And just as Lewis Daniel Konig will always be with his family, his family will always be with him, as Jade explained. "Lewis is my last name; Daniel is his cousin's name and dad's middle name and Konig, his dad'ssurname, so we'll always be with him. We'll always be together as a family."

Lorna, Paul and Noah

Lorna Lawrence, said: "I was admitted as an emergency in my pregnancy with Noah in December 2013, and unexpectedly went into premature labour. Unfortunately due to Noah's gestation at the time we knew the outcome was not going to be very good. The Butterfly suite was a safe place for me, my husband and our families. I could have who I wanted in there, when I wanted so it was unlike being on a normal ward with normal restrictions. 

"Also, the location of the room meant that we were away from other mums and their babies, which was important under the circumstances, as it's the last thing you want to face when you have lost your baby.  

"Inside it's less of a hospital room and more of a home from home and is as nice as an environment as you can expect with it being in a hospital. It provided a homely environment for us to spend the short time we had with Noah and make as many memories as we could." 

And Lorna and Paul, both from Southend, have helped it seem even more homely for families staying in the Butterfly suite thanks to their dedicated fundraising which has meant the hospital has been able to purchase beautiful new furniture for the room. Lorna has also kitted out the kitchen with homely items to make the room more comfy and regularly gives toiletries to the suite to support parents who may be in a similar emergency situation. 

Suzanne, Pete and Tilly

Suzanne and Pete sadly know why an area such as the Butterfly Suite is so important a facility, Suzanne said:"It's not a room you imagine when you think of a maternity ward. No one ever thinks they are going to be in the circumstances to use it but we could see that it's an invaluable space where a family can just spend precious time together creating memories."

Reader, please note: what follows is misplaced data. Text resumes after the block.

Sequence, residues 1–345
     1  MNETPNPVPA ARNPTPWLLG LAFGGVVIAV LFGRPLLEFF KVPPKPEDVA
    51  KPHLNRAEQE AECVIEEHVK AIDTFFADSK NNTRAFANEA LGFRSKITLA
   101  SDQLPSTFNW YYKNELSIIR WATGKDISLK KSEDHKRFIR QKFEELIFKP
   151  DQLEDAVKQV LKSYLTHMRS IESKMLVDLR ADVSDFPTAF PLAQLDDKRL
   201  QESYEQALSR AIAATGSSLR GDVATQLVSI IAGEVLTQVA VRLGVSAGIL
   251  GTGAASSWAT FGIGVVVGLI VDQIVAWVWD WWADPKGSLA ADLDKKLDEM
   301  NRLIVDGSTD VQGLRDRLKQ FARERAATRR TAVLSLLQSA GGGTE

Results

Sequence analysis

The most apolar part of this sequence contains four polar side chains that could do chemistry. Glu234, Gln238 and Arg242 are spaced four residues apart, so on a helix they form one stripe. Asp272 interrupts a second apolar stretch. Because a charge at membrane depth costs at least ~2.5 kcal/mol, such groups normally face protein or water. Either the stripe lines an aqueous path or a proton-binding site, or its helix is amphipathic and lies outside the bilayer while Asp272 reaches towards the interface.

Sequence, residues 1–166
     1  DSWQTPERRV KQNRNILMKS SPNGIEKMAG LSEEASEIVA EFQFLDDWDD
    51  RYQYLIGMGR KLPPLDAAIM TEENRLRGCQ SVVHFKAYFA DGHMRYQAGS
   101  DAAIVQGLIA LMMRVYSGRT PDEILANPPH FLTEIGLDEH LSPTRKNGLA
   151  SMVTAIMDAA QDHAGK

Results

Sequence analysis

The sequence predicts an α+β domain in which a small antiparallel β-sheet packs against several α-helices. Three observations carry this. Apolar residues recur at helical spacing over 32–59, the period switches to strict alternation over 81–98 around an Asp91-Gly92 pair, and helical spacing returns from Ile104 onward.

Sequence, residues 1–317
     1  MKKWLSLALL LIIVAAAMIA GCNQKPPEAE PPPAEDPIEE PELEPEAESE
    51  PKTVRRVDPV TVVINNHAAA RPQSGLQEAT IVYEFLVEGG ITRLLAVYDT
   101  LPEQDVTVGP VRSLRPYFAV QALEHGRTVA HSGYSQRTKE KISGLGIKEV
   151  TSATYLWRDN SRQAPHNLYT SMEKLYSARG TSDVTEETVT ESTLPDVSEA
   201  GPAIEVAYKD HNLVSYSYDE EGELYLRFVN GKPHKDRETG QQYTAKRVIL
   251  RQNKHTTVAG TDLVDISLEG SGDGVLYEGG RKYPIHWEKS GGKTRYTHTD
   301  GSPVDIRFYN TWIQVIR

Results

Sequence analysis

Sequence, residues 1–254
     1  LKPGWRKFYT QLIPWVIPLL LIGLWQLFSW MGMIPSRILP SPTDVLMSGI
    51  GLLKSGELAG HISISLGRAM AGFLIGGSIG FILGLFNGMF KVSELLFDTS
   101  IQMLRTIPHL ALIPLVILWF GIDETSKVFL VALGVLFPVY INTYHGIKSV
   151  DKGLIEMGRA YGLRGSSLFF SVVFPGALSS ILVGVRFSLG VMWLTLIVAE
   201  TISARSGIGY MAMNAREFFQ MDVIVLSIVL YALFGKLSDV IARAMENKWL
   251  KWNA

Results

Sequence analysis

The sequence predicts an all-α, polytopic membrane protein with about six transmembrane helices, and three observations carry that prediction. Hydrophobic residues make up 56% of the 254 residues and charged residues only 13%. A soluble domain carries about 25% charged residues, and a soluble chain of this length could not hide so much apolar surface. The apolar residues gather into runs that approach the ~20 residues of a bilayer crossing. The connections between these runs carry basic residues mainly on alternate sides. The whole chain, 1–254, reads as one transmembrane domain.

Peter and Suzanne, both now 33, endured every parent-to-be's worst nightmare in September 2013 when a scan at 33 weeks into the pregnancy revealed there was no amniotic fluid around the baby.

Three weeks later, on October 4, at 5.39pm, Suzanne, supported by midwife Amanda Cushing, gave birth to little Tilly.

"She was born sleeping and she was just incredibly beautiful," says Peter simply.

The couple were provided with a 'cold cot' which enabled them to spend precious time and wake up with their daughter the following day. That morning both sets of grandparents also visited, and later that day she was blessed by a hospital chaplain.

"We needed that time to be able to sit down and talk to her, hold her, take photographs," says Peter. "It didn't take the pain away, but it brought us a bit of comfort, gave us memories of her."

Since then the Newman's have raised more than £3,000 for Havens, SANDS, the stillbirth and neonatal death charity, and the Butterfly Bereavement Suite. This has been achieved through Pete's running, he completed the Brighton marathon earlier this year, and Suzanne explained how it has had a positive impact.

She said: "It's been nice that we've been able to do things in Tilly's memory and I know that has really spurred Pete on in his running, he finds it very therapeutic. It really gives him some clear thinking time.

"Tilly's little sister Sophia was born in January this year.  Throughout the pregnancy Southend Hospital were exceptionally supportive, providing continued reassurance. And although Sophia was never lucky enough to meet Tilly, she will know all about her older sister."